Tuesday, July 19, 2011

Who Should Be An HBO Fighter?

Ross Greenburg, the President of HBO Sports, left the network this week after 33 years as an employee and 11 years as the head of its boxing program.  Although Greenburg achieved many successes during his tenure at HBO Sports, from the award-winning Real Sports to the documentary series Sports of the 20th Century to the 24/7 boxing preview series, the state of the HBO boxing deteriorated under his watch. 

Television ratings eroded.  He was known for playing favorites with manager Al Haymon and promoter Golden Boy.  Too many fights were uncompetitive affairs, even on paper.  He handed promoters blank boxing dates without the necessary quality controls.  Greenburg also paid outrageous sums of money for fighters who failed to sell tickets or establish a buzz within the sport.  Perhaps a final blow to his legacy was the defection of Manny Pacquiao to Showtime for his fight against Shane Mosley, an eventuality that would have been inconceivable just a few years prior.  The Pacquiao incident further illustrated just how fractured the relationship was between HBO and Top Rank, one of the world's leading promotional outfits.

Whoever replaces Greenburg will have to restore HBO's prominence in the sport.  Although the network is still the number-one destination for boxing in America, HBO has never looked so vulnerable.  With an increasingly competitive landscape for boxing on U.S. television, the new head of HBO must better identify those boxers who will form the foundation of its boxing program.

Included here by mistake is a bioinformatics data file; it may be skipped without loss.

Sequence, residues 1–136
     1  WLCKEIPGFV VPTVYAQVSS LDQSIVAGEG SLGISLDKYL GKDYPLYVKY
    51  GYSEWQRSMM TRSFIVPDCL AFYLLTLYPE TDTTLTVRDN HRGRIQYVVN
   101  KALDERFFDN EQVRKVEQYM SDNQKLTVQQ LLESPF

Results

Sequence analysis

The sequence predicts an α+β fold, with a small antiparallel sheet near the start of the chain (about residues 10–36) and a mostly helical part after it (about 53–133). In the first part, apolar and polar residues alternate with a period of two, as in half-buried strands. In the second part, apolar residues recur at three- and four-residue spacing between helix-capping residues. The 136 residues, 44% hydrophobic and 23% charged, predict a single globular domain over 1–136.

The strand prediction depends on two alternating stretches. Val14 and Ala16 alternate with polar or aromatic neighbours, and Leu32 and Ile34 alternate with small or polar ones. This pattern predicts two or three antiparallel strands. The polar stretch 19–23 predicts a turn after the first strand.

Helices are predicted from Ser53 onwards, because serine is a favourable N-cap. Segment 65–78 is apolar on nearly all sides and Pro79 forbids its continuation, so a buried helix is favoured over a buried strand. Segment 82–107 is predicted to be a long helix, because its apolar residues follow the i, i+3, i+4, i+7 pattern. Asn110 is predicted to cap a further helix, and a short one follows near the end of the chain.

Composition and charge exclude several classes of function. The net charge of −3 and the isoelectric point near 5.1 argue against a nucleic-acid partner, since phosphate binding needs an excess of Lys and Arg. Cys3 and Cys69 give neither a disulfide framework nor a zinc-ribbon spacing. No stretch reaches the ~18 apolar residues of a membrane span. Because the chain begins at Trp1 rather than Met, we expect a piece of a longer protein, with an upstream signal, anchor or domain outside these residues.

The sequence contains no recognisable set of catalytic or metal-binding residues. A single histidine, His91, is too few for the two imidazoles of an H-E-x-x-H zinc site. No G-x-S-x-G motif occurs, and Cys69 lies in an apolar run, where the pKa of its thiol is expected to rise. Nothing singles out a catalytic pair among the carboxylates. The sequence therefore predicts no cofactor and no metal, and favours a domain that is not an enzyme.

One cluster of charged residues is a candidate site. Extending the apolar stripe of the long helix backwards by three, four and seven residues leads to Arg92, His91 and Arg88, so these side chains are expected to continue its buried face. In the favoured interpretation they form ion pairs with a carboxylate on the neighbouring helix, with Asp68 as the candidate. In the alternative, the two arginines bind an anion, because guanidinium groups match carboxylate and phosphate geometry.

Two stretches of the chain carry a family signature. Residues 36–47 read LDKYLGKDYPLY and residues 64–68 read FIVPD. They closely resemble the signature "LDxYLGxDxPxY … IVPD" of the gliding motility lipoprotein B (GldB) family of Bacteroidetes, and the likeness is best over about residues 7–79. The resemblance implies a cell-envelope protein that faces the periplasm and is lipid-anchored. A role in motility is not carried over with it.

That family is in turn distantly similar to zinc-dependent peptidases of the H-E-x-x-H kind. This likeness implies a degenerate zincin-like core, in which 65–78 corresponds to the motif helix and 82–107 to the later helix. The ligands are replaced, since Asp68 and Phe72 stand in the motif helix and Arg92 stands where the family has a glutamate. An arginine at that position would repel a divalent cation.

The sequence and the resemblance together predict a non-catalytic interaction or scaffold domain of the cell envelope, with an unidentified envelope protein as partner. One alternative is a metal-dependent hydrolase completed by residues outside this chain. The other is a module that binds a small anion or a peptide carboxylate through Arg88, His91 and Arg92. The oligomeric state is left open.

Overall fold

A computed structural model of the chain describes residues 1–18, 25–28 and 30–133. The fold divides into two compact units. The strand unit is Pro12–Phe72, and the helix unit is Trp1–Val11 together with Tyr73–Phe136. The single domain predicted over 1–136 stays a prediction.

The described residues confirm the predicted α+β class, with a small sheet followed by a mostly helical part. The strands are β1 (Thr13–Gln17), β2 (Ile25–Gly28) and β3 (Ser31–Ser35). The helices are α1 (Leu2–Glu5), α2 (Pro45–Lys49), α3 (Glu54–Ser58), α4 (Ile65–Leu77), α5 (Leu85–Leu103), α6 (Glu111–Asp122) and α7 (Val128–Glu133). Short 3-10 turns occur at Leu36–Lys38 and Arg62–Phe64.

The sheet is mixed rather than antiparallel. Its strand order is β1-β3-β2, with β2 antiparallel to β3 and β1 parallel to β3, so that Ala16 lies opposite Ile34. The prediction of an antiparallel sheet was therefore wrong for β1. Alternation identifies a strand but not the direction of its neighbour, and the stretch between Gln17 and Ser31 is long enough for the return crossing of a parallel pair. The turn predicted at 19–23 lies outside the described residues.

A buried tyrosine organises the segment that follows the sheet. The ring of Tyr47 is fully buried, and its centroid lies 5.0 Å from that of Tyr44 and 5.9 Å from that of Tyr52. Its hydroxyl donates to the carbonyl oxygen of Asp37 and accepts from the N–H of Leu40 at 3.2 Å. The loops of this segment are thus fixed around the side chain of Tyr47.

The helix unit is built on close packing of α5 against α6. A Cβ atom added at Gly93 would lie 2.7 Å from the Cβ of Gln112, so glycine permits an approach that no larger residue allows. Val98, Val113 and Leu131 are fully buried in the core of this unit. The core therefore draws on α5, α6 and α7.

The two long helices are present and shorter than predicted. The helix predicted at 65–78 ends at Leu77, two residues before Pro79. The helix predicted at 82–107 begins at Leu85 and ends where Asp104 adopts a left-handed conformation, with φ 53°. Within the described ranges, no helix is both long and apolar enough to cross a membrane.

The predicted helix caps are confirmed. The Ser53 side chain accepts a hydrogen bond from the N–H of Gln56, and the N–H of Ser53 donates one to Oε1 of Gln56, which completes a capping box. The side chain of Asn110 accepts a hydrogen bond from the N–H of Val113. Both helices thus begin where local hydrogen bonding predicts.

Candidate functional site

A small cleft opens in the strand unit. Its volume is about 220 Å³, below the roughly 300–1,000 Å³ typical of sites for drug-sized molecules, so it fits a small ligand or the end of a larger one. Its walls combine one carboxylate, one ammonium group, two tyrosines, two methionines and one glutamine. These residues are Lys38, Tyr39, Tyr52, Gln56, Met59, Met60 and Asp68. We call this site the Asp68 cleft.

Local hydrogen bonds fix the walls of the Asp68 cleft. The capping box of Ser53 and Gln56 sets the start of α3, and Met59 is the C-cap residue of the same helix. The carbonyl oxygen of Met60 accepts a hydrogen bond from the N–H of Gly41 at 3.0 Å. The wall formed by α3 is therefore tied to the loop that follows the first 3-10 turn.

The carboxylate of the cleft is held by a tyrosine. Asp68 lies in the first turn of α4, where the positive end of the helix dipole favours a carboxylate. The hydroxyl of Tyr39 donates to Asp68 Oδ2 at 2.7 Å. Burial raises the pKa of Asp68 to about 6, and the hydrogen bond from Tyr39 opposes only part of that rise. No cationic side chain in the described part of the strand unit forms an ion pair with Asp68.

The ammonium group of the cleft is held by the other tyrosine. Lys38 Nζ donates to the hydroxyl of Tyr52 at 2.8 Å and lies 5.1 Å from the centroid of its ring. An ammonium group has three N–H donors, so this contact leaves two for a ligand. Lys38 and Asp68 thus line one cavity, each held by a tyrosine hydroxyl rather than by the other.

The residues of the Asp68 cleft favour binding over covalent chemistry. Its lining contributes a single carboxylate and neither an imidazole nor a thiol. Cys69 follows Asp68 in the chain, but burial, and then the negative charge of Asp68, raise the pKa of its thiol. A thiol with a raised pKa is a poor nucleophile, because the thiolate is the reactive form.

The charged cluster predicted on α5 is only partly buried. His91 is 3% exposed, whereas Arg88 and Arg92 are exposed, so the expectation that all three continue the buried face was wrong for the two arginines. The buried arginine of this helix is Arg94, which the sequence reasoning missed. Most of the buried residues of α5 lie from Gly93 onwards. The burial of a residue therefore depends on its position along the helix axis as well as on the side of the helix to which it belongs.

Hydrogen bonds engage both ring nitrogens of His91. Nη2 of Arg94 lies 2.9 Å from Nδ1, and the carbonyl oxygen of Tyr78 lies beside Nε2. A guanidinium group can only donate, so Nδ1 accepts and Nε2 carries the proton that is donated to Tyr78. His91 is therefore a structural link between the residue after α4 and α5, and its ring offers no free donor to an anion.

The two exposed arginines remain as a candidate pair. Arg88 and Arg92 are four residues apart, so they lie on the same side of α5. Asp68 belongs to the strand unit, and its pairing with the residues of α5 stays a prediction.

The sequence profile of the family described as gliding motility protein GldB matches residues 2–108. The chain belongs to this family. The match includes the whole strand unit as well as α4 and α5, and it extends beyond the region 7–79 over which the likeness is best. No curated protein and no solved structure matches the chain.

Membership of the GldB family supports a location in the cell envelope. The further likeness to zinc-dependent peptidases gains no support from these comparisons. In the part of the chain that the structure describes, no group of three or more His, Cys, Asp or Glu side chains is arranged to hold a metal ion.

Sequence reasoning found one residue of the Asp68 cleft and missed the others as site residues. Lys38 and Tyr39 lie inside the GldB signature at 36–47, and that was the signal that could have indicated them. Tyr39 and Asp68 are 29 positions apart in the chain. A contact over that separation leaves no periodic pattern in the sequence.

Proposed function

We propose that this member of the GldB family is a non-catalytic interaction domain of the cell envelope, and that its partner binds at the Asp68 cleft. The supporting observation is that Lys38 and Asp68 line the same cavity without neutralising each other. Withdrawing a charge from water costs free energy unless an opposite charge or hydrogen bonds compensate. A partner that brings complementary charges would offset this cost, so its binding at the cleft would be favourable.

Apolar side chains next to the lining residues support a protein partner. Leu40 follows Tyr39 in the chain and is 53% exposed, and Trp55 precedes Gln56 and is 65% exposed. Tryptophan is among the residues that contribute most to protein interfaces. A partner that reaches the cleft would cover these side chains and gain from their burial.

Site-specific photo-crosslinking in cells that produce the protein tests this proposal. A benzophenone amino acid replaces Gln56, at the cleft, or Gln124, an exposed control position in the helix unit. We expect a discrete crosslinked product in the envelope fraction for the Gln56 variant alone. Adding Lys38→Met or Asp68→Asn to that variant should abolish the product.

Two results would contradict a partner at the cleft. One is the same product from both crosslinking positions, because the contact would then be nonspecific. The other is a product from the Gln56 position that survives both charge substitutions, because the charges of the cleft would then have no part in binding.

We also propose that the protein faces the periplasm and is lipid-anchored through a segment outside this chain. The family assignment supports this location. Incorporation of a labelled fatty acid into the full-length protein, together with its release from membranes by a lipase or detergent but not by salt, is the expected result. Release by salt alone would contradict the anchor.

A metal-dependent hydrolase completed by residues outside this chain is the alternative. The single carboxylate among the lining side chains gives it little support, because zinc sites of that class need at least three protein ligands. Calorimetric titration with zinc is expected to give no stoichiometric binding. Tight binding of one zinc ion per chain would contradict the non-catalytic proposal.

What follows here is a quick primer on who should be HBO fighters and which fighters should be jettisoned from the cushy, long-term, multi-million dollar contracts that plagued so much of Greenburg's tenure.  Some additional taxonomy will identify a second tier of boxers who would make for solid opponents for the core HBO talents.  Additionally, some thoughts about Boxing After Dark will be shared: 

The following 18 fighters should comprise the majority of HBO's World Championship Boxing and/or HBO PPV: 


The Two Elites 
HBO must carry every fight of Floyd Mayweather, Jr. (1.) and Manny Pacquiao (2.).  The two massive superstars have established themselves as boxing's biggest names, gate attractions and pay-pay-view generators.  Quite frankly, even if these two faced complete stiffs, they would still sell 500,000 pay-per-views.  Luckily, both are capitalistic in nature and are competitive with each other in who will draw larger gates and pay-per-view numbers.  In short, they want to make the most money, which means big fights.

The Two, Small Knockout Artists
HBO recently welcomed Nonito Donaire (3.) into its fold. His combination of power and speed should make him one of the featured boxers on HBO for years.  Already in the top-five on most pound-for-pound lists, Donaire has a crowd-pleasing style that will endear him to the boxing public.